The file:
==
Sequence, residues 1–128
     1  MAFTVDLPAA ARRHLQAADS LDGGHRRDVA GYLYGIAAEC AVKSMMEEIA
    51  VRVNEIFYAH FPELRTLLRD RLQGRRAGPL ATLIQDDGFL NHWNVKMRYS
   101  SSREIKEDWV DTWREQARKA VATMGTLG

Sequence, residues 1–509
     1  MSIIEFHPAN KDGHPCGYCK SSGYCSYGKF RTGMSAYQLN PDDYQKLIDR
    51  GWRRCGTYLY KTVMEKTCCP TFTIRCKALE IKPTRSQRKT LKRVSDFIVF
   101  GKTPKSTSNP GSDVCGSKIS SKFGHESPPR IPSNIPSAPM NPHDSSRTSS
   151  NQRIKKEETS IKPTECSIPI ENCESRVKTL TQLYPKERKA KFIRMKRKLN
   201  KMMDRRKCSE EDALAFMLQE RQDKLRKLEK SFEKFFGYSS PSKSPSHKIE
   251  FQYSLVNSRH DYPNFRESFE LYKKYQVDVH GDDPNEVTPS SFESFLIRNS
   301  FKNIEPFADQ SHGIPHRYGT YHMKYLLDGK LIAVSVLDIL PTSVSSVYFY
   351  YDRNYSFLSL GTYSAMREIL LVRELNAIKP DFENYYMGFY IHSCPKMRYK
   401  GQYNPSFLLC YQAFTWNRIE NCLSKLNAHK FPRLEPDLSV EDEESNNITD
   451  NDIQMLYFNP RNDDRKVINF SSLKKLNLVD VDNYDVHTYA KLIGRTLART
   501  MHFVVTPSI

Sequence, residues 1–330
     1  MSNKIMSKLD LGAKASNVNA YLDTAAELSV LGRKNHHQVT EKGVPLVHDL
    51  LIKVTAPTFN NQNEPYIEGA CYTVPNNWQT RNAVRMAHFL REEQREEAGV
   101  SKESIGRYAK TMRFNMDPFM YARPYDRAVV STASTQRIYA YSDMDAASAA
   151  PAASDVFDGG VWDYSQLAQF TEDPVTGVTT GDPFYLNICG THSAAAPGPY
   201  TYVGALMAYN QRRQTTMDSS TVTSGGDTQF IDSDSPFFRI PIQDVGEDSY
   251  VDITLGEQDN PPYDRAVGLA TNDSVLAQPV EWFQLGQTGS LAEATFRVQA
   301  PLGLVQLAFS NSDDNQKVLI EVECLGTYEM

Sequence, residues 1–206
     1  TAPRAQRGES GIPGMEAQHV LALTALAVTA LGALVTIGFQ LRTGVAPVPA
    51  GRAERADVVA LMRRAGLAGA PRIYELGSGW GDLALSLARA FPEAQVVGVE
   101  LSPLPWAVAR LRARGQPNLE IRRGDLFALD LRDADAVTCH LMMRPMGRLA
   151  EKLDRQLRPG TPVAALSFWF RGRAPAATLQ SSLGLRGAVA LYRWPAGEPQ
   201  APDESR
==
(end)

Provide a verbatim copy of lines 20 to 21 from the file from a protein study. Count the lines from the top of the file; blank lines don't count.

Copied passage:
   101  SKESIGRYAK TMRFNMDPFM YARPYDRAVV STASTQRIYA YSDMDAASAA
   151  PAASDVFDGG VWDYSQLAQF TEDPVTGVTT GDPFYLNICG THSAAAPGPY